The symbol chosen to represent the Jain community incorporates the swastika, an outstretched hand inscribed with “Ahimsa” (meaning “not to injure”) on the palm and three dots above the swastika representing the three jewels of Jainism: Samyak Darshan (Right Faith), Samyak Jnan (Right Knowledge), and Samyak Charitra (Right Conduct). At the top of the symbol is a curved arc with a dot, representing a liberated soul at its final destination. The overall outline represents the universe: the seven hells, the Earth and planets, and the heavenly abodes. In Europe and North America, Jains aware of the negative meaning attributed to the swastika replace it with another symbol, such as the holy word “Om.”

6 Swasti

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Photo via Wikimedia

In the Vedic tradition of ancient Hinduism, the word swastika derives from the root word “swasti,” meaning “let good things happen” or “well-being.” It was generally a word used to indicate wellness and auspiciousness, used as an adjective or noun and incorporated into rituals, names, and expressions of farewell and congratulations.

Its origins are believed to lie in the Sun worship religion of the Indus Valley civilization, but it was incorporated in a variety of ways into the developing Hindu faith. The swastika is said to represent the creator god Brahman in his two manifestations: the evolution of the universe when the symbol faces right, universal involution (turning inward toward God) when it faces left. The clockwise swastika is the one more commonly used by Hindus, while the counterclockwise swastika is associated with Tantra (and regrettably, Nazism).

The Hindu swastika’s four limbs have many meanings: the Four Vedas, the four goals of life (meaning prosperity), the four stages of life (meaning good fortune), the four directions in space (meaning the omnipresence of Brahma), the four seasons (meaning time’s cyclic nature), and the four Yugas of the world cycle (meaning the natural evolution of the universe). The swastika is closely associated with the god Ganesha, often depicted sitting on a lotus flower above a bed of swastikas.

It is also a symbol of the goddess Lakshmi and variously represents luck, a meeting point of four roads where commerce occurs, a tantric sitting posture, crossed arms in front of the upper body, a building plan, a design made with rice for rituals, a kind of cake, a happy and free-spirited woman, and garlic.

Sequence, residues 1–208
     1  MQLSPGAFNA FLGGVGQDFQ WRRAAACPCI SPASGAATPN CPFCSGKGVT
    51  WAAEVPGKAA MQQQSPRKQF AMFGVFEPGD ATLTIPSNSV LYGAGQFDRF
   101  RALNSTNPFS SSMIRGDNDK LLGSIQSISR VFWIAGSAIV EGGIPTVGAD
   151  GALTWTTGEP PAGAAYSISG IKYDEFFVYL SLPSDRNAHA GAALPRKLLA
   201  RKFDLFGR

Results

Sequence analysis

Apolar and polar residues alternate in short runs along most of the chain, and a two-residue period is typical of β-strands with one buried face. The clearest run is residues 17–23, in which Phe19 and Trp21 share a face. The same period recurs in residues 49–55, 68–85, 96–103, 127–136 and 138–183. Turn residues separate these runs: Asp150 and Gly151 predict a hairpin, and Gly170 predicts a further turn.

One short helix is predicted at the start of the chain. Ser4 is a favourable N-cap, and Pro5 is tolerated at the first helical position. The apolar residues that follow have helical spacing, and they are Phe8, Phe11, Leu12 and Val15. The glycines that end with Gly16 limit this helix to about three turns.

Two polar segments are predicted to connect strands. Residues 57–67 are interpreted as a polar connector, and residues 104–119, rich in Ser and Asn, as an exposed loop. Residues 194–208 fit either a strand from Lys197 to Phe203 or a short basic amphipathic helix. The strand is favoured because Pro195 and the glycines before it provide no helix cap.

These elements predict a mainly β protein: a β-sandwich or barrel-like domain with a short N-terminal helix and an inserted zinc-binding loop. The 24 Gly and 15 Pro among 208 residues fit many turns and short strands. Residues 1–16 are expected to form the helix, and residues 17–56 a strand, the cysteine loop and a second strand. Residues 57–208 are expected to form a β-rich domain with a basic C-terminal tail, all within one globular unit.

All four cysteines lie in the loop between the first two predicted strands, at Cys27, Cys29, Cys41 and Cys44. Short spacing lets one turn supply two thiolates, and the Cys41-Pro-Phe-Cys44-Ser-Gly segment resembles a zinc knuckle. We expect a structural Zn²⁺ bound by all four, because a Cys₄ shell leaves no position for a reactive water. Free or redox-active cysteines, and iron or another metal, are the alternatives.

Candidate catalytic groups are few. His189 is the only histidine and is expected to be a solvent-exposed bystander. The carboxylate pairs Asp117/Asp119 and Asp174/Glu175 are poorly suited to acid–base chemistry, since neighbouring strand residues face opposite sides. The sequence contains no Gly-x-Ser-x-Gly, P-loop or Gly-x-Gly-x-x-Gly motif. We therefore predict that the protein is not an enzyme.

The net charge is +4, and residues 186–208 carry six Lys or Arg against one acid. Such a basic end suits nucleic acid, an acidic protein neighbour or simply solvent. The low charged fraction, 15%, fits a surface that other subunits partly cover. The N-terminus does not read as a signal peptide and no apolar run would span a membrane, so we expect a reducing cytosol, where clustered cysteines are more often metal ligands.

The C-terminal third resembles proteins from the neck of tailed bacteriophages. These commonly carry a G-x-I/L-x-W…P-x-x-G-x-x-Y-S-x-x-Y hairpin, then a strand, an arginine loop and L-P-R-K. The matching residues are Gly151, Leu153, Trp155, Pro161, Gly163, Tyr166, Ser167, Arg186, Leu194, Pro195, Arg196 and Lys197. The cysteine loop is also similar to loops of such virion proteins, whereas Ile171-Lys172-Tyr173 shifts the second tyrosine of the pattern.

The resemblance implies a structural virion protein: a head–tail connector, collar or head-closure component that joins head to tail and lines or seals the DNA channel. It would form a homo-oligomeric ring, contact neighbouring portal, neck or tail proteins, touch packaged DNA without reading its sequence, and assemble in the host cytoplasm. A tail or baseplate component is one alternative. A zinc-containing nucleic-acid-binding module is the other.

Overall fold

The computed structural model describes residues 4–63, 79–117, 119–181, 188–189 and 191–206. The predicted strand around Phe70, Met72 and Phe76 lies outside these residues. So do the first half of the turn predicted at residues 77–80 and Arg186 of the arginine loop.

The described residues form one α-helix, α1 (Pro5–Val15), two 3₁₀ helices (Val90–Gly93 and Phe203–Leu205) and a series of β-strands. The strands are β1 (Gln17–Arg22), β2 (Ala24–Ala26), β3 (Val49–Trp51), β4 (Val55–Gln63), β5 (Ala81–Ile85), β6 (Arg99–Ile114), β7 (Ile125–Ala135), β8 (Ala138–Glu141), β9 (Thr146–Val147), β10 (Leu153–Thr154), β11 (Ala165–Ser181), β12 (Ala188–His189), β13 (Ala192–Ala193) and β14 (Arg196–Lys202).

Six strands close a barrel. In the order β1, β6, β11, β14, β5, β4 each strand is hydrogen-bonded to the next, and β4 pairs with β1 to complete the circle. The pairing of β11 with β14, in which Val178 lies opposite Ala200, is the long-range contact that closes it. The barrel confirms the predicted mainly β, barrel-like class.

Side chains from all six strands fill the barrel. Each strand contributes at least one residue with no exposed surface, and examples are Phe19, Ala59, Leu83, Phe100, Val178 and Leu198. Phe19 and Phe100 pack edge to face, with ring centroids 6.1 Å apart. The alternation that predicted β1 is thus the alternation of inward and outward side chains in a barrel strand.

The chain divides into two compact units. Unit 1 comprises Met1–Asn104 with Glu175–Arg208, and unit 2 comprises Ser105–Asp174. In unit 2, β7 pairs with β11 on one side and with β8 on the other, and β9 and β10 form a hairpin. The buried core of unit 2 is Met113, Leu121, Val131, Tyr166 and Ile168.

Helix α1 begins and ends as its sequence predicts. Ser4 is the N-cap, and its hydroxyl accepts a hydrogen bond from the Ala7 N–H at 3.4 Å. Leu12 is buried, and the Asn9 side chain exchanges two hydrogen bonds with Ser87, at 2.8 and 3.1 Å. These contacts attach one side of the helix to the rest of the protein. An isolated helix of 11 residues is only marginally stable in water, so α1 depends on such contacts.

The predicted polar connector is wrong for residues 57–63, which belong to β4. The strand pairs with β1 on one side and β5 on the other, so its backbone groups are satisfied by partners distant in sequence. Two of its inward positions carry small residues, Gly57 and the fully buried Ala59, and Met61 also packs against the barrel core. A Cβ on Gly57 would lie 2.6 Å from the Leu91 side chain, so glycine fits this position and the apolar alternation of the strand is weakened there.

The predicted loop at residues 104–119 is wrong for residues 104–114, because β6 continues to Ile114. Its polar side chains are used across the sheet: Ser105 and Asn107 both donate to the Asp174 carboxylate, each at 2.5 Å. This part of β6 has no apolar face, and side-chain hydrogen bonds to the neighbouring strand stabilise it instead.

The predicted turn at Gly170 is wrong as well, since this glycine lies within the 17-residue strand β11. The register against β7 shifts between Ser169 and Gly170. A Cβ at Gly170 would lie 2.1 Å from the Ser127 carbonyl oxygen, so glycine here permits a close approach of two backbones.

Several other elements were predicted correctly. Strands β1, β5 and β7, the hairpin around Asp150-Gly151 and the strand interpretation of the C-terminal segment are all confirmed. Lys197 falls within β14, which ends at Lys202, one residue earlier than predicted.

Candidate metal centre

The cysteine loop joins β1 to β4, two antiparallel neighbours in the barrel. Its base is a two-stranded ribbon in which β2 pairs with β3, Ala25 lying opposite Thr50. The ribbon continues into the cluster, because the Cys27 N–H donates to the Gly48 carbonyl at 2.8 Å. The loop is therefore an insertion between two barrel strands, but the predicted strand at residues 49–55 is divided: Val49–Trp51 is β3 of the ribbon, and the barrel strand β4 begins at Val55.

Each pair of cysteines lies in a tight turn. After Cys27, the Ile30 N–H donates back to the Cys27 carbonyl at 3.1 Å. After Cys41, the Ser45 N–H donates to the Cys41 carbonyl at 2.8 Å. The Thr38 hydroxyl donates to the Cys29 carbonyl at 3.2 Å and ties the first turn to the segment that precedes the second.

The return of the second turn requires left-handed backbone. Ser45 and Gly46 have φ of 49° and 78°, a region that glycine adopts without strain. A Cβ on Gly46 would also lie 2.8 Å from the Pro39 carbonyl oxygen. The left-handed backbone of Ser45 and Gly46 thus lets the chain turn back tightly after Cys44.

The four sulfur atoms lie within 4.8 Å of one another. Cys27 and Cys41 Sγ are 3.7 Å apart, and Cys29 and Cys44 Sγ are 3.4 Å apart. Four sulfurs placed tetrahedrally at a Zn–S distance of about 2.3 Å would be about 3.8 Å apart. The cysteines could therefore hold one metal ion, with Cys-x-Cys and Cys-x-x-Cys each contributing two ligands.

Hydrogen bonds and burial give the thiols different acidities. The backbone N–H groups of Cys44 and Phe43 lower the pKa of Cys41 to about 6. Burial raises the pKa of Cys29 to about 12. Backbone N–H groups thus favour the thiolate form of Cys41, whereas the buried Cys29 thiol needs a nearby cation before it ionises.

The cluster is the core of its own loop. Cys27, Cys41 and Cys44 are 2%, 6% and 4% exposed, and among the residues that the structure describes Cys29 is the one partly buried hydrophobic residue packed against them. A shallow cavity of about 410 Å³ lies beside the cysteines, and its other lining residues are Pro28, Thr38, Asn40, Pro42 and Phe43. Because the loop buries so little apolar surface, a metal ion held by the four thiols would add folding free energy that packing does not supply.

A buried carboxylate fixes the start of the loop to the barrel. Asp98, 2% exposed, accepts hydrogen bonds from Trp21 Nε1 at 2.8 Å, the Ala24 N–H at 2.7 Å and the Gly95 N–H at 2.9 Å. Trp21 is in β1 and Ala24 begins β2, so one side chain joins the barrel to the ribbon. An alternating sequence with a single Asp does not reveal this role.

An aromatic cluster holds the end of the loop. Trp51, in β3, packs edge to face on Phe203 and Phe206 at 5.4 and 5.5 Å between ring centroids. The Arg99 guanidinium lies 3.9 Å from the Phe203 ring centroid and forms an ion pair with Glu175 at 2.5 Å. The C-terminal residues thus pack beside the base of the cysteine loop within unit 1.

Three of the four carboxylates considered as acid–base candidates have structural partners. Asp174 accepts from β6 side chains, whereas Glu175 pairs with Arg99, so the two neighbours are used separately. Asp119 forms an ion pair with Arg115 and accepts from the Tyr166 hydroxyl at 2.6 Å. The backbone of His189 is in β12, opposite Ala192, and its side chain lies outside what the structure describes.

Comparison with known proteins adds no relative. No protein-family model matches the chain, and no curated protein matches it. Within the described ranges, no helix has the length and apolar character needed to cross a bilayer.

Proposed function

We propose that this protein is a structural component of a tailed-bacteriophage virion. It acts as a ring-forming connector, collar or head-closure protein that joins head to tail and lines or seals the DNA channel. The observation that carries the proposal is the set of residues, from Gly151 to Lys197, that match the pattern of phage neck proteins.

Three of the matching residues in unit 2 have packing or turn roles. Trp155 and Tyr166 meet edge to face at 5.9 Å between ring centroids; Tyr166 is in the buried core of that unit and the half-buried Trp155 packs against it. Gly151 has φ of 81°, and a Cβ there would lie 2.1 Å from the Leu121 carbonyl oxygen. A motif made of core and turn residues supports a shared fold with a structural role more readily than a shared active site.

5 Hakaristi

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Photo credit: Jukka Kolppanen

The swastika, known as hakaristi in Finnish, has been considered a good luck symbol in Scandinavia and the Baltic region for thousands of years, appearing on pottery and runes. Swedish nobleman Count Erik von Rosen adopted the symbol as a personal good luck symbol, even marking his luggage with a swastika while traveling in South America and Africa. After Finland declared its independence during the Russian Civil War, Rosen gifted the fledgling country with its first military aircraft, a single-engine ski-plane with a swastika symbol.

In 1918, a straightened blue swastika on a white background was adopted as the official symbol of the Finnish air force. The symbol was well liked in Finland and became popular on jewelry and heraldry. The symbol was used on Finnish aircraft until the end of World War II. After that, the swastika was mostly banned, although it was revived on some flags in 1957.

In 2007, a Finnish charity began to sell rings engraved with swastikas with stylized wings, replicas of the 1940 “Air Defense” ring, to raise money for war veterans. The symbol is still considered a positive aspect of Finnish culture, and the ring was worn by several actors and comedians to raise awareness of the charity drive.

For those unaware of the history of the symbol in Finland, it can lead to trouble. A Moscow toy store was raided by police for selling scale models of historical Finnish aircraft, which investigators believed to be decorated with forbidden Nazi symbols.



4 Emblem Of Fohat

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Photo credit: Mspecht

Theosophists see significance in the frequent presence of the swastika symbol in many different cultures and time periods throughout history. Madame Helena Blavatsky believed the swastika was the emblem of Fohat, or cosmic electricity, which is defined in Blavatsky’s Theosophical Glossary as follows: “the active (male) potency of the Shakti (female reproductive power) in nature. The essence of cosmic electricity. An occult Tibetan term for Daiviprakriti, primordial light: and in the universe of manifestation the ever-present electrical energy and ceaseless destructive and formative power. Esoterically, it is the same, Fohat being the universal propelling Vital Force, at once the propeller and the resultant.”

According to Blavatsky in her book The Secret Doctrine, there was once an ancient time when the swastika was placed on the breast of defunct mystics and burned into the flesh of young initiates into the occult mysteries because “since Fohat crossed the Circle like two lines of flame (horizontally and vertically), the hosts of the Blessed Ones have never failed to send their representatives upon the planets they are made to watch over from the beginning.”

She also claimed the swastika points in all directions and represents the sacred Four Elements, while its crooked arms are related to the Pythagorean and Hermetic scales. Anyone who understands the mysteries of the swastika “can trace on it, with mathematical precision, the evolution of Kosmos and the whole Period of Sandhya.”